- Ethan Anderton
Over the years, Russell Crowe's worked with some big names, including Ridley Scott, Ron Howard, Darren Aronofsky, Peter Weir, Curtis Hanson, Sam Raimi and more. So obviously the actor’s picked up a thing or two. While Crowe’s helmed documentaries and videos, he's never directed a feature-length narrative film until now. Titled “The Water Diviner,” Crowe’s directorial feature debut is a historical drama set in 1919, about an Australian man who travels to Turkey four years after the Battle of Gallipoli to locate his three missing sons—one of them reported missing in action. The film stars Crowe, Olga Kurylenko, Jai Courtney, Cem Yılmaz and Yılmaz Erdoğan, and we haven’t heard much about it since it was first announced last year. Written by Andrew Anastasios and Andrew Knight, the Weinstein Company took domestic rights to the film during Cannes after watching 12-minutes of footage that unspooled in the buyers market. »
- Edward Davis
According to Deadline, Emma Watson has signed on to star alongside Rush’s Daniel Bruhl in Colonia, a period war drama set against the Chilean military coup of 1973.
Directed by Florian Gallenberger — the award-winning filmmaker behinds projects such as 2009’s John Rabe — the film will orbit around Watson’s Lena, wife of Bruhl’s Daniel, who sets about rescuing her husband after he is abducted by the secret police of one Augusto Pinochet. To do so, she must join the ranks of a nefarious cult within the sealed-off area of Colonia Dignidad.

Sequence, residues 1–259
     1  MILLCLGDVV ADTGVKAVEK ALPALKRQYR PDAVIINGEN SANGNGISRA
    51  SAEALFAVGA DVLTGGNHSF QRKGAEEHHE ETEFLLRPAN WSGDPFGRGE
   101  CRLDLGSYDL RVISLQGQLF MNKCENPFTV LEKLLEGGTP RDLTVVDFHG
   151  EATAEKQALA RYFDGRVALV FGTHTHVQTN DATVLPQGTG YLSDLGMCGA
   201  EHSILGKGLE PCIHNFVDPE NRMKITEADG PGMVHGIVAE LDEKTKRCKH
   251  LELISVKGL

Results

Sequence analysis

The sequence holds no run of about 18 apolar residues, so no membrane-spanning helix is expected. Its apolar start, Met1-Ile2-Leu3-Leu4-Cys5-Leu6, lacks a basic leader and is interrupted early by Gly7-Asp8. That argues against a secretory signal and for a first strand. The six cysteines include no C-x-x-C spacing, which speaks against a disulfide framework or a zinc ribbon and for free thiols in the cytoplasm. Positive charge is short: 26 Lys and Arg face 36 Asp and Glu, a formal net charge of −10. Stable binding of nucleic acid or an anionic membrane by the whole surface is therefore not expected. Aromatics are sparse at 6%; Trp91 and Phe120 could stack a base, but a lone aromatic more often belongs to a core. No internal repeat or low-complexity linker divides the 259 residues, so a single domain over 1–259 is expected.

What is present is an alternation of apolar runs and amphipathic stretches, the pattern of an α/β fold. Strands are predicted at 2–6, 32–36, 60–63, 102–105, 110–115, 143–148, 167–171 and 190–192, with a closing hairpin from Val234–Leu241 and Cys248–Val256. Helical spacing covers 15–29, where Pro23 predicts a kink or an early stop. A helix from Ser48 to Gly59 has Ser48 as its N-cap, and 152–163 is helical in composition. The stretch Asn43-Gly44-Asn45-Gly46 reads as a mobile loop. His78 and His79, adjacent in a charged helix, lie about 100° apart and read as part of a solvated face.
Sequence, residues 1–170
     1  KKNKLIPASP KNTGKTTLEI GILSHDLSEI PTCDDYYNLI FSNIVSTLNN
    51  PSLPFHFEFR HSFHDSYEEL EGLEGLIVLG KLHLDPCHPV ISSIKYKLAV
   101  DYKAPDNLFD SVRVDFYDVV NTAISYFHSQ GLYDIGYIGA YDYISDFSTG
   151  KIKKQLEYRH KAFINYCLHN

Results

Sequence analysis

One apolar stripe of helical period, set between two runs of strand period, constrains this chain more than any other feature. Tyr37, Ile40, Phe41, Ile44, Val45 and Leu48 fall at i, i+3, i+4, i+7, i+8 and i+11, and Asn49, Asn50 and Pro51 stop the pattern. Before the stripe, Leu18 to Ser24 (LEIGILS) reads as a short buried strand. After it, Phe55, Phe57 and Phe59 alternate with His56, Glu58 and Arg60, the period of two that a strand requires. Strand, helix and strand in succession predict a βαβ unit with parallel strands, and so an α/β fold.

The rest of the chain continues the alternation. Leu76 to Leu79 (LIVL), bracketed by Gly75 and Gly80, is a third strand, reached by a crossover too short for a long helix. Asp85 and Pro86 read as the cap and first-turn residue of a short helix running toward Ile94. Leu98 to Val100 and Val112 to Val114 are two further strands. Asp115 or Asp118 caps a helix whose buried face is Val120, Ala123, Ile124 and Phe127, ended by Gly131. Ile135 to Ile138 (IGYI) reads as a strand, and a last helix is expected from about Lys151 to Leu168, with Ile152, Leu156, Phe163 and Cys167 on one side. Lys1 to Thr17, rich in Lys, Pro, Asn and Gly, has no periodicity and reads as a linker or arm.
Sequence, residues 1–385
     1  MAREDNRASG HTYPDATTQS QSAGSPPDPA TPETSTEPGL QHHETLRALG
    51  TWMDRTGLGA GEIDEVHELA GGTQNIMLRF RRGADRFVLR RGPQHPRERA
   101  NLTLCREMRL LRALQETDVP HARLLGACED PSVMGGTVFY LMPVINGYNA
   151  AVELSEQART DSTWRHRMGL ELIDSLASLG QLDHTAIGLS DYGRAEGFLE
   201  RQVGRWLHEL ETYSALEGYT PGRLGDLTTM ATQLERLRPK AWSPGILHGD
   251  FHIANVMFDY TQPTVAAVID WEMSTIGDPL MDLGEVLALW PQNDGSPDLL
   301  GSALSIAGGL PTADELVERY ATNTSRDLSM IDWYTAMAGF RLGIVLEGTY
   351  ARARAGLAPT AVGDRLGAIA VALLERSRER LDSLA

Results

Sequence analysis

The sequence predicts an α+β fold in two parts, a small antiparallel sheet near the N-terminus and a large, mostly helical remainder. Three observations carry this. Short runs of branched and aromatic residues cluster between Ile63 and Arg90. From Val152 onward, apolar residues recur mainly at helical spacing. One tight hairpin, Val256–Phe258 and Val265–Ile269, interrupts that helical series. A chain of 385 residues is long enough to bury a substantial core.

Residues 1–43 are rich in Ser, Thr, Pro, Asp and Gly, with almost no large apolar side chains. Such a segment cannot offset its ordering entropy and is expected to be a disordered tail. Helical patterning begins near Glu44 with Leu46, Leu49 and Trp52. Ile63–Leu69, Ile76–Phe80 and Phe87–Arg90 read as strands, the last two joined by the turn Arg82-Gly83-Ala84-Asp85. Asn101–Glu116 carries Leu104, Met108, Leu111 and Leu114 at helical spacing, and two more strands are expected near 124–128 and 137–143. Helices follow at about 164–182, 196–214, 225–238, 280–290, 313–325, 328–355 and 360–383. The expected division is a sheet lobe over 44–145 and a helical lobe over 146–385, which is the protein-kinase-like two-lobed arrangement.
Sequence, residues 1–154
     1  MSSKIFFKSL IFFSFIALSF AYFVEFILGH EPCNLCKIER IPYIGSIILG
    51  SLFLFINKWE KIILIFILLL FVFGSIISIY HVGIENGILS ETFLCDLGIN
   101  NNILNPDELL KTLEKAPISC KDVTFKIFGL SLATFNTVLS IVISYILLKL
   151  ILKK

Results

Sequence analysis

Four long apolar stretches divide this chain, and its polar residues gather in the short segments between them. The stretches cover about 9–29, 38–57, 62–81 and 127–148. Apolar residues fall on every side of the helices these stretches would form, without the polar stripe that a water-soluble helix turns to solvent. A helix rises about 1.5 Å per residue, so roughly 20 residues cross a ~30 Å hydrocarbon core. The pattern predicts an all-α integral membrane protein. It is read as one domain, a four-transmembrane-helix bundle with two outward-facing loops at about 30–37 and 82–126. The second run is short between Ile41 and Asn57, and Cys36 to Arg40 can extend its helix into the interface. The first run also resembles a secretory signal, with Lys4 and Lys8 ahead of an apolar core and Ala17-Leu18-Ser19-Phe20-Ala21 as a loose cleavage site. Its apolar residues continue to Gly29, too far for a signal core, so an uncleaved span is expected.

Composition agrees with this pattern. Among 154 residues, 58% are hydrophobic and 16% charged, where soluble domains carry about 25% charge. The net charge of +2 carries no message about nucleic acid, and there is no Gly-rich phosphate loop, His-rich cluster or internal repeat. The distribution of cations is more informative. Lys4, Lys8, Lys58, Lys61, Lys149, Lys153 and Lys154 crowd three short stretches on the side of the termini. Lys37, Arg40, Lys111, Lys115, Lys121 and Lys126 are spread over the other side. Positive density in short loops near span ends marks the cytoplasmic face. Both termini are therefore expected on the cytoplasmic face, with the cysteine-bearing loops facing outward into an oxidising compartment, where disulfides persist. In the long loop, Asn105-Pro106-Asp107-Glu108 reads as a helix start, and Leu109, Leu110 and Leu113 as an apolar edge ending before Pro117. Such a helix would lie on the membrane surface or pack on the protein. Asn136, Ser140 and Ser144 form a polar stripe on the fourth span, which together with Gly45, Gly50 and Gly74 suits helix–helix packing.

The tale, which itself was inspired by true events, was co-written by Gallenberger and Torsten Wenzel and is due to enter production within the coming weeks. In terms of filming locations, the globe-trotting production team will take Colonia to South America, Berlin, Munich and Luxembourg and it’s expected that filming will wrap before the year’s end. »
- Michael Briers
The pair will star in Oscar-winning director Florian Gallenberger's South American political thriller.
The film will be based around the true events in which a young couple were caught up in the Chilean military coup of 1973.
Daniel (Brühl) is kidnapped by Augusto Pinochet's secret police, forcing Lena (Watson) to join the secret cult that is holding him.
Brühl can currently be seen in A Most Wanted Man.
Principal photography on Colonia has begun on the film, which will shoot in Luxemburg, Germany and South America. »